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Co-founder of Google’s corporate parent is elusive subpoena target in Jeffrey Epstein-related suit against JPMorgan

Jeffrey Epstein and Google HQ

Jeffrey Epstein and Google HQ (Photos via DOJ and YouTube screengrab)

The Virgin Islands government wants to subpoena the co-founder of Google’s corporate parent Alphabet for a lawsuit accusing JPMorgan Chase of knowingly profiting from Jeffrey Epstein’s sex trafficking scheme.

But the executive, Alphabet co-founder and co-owner Larry Page, is nowhere to be found, the government revealed in a court filing on Thursday.

“Upon information and belief, Larry Page — the co-founder and co-owner of Alphabet Inc. (Google LLC’s parent company) — is a high-net-worth individual who Epstein may have referred or attempted to refer to JPMorgan,” the government’s attorney Mimi Liu wrote in a three-page motion. “Mr. Page announced in 2019 that he was stepping down as CEO of Google LLC and Alphabet but would ‘remain actively involved’ as a Board Member, Shareholder, and Co-Founder.”

On April 11, 2023, the Virgin Islands government says, it issued a subpoena for documents to Page.

“The Government made good-faith attempts to obtain an address for Larry Page, including hiring an investigative firm to search public records databases for possible addresses,” the motion states. “Our process server attempted service at the addresses identified by our investigative firm, but discovered the addresses were not valid for Mr. Page.”

With the discovery deadline looming at the end of the month, the Virgin Islands asked Senior U.S. District Judge Jed Rakoff to let them serve him though alternative means, such as certified mail.

The Virgin Island government and Epstein survivors received permission to forge ahead with separate lawsuits seeking to hold JPMorgan liable for the now-deceased sex offender’s predation. The survivors also filed a separate lawsuit against Deutsche Bank.

Epstein banked at JPMorgan between 1998 and 2013, and the lawsuits allege that the bank was well aware of its client’s illicit activities early on, even before Epstein’s prosecution for solicitation of a minor in 2008. JPMorgan denies the allegations, and has filed a separate lawsuit against ex-senior executive Jes Staley.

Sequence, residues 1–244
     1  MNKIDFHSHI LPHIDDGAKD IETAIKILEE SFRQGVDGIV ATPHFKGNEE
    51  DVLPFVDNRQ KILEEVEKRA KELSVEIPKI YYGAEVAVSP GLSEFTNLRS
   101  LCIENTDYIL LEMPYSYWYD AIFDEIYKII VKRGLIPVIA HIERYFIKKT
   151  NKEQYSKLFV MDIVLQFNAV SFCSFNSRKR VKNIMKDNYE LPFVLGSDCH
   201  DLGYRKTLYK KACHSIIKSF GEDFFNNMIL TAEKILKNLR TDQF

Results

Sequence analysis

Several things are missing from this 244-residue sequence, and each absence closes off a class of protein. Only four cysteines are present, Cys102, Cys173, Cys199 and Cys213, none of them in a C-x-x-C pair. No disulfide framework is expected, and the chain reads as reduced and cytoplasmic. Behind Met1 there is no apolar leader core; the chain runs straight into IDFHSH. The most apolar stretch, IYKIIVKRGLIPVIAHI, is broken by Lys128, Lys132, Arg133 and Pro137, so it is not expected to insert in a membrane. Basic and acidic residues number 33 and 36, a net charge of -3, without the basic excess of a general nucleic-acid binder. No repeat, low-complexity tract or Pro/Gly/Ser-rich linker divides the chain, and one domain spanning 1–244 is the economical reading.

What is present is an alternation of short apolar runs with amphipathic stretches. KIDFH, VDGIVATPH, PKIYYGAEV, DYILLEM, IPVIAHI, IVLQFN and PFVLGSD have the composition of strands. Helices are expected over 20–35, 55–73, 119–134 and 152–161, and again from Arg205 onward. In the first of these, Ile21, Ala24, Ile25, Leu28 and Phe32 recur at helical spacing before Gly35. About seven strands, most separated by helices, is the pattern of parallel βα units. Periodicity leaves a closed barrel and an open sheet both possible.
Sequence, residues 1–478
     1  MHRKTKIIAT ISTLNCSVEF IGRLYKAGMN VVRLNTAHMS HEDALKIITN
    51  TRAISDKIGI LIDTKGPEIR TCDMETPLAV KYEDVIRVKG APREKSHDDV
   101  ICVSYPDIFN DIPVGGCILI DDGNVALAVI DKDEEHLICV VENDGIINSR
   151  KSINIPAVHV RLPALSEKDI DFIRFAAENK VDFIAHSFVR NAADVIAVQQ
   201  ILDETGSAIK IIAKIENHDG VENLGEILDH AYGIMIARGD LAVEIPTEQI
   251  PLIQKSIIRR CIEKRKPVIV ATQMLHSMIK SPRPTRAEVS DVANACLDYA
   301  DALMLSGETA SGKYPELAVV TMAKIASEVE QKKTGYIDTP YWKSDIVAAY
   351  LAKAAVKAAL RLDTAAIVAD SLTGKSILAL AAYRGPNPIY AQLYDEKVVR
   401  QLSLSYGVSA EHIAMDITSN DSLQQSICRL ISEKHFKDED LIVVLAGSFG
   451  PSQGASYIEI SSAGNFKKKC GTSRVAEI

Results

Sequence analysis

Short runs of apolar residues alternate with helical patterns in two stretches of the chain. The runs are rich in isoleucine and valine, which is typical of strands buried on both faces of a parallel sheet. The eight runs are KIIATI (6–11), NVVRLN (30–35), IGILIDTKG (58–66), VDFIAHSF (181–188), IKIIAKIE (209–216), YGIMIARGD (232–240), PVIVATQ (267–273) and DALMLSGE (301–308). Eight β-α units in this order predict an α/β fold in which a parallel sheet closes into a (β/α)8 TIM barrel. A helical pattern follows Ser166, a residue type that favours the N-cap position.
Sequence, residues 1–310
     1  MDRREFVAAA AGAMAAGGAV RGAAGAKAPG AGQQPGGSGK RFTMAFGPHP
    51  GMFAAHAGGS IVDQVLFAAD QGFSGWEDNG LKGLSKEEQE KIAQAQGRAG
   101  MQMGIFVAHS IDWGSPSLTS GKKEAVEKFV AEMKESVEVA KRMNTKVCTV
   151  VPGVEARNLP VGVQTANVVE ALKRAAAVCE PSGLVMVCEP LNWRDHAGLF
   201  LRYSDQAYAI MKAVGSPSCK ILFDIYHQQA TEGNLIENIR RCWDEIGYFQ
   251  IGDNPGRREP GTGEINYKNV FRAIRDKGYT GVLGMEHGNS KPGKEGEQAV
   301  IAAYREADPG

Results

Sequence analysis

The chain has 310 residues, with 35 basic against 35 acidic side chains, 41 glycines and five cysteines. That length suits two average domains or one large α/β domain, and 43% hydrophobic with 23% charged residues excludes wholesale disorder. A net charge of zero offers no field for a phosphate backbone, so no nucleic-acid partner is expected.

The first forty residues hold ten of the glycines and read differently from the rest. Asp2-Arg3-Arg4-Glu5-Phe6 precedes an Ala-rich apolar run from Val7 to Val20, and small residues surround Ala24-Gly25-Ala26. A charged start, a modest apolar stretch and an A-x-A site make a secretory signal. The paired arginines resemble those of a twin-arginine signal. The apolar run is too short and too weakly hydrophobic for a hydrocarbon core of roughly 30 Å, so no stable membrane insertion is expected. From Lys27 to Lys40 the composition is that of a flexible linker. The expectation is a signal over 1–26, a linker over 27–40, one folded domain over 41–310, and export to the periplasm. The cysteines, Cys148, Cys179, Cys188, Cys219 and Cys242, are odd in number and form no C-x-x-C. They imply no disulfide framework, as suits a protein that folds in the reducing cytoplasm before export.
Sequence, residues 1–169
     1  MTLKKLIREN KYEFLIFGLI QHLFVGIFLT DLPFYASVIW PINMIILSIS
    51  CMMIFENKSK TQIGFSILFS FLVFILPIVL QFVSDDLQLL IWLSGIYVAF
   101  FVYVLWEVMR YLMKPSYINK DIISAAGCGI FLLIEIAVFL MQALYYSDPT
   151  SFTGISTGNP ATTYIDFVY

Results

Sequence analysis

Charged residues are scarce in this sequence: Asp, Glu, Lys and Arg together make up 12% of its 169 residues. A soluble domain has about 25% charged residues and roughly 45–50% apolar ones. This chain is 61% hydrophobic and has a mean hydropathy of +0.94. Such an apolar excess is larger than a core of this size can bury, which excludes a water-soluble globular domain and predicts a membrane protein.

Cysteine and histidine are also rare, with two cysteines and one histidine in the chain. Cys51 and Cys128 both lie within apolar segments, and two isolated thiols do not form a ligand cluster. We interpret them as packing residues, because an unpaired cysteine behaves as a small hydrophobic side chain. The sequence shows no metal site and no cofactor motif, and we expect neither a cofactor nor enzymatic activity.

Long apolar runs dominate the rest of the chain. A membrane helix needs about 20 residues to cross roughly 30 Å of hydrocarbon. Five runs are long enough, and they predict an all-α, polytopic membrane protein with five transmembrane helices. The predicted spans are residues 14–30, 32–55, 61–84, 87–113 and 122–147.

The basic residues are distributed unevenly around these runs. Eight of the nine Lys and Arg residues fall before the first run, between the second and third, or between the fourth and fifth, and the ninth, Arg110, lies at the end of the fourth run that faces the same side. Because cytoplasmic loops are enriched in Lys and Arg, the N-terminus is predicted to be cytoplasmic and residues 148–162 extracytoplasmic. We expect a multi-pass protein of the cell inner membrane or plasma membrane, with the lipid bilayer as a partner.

Later becoming CEO of Barclays Bank, Staley resigned from that position amid scrutiny of his Epstein ties. Epstein exchanged approximately 1,200 emails with Staley’s work email address between 2008 and 2012, showing what the AG’s office describes as their “profound” friendship.

In December 2009 — well after Epstein became a sex offender — Epstein allegedly sent Staley two emails containing images purporting to be a photograph of a “young woman.” Those images are redacted entirely in the Virgin Islands complaint, but Judge Rakoff has described one of them as a “picture of a young woman in a sexually suggestive pose.”

The Virgin Islands government alleges that the bank kept Epstein as a client because he “attracted high net worth clients” to JPMorgan, such as billionaire Glenn Dubin. Staley was photographed in Epstein’s New York townhouse with billionaire Bill Gates and others.

Read the motion here.

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Law&Crime's managing editor Adam Klasfeld has spent more than a decade on the legal beat. Previously a reporter for Courthouse News, he has appeared as a guest on NewsNation, NBC, MSNBC, CBS's "Inside Edition," BBC, NPR, PBS, Sky News, and other networks. His reporting on the trial of Ghislaine Maxwell was featured on the Starz and Channel 4 documentary "Who Is Ghislaine Maxwell?" He is the host of Law&Crime podcast "Objections: with Adam Klasfeld."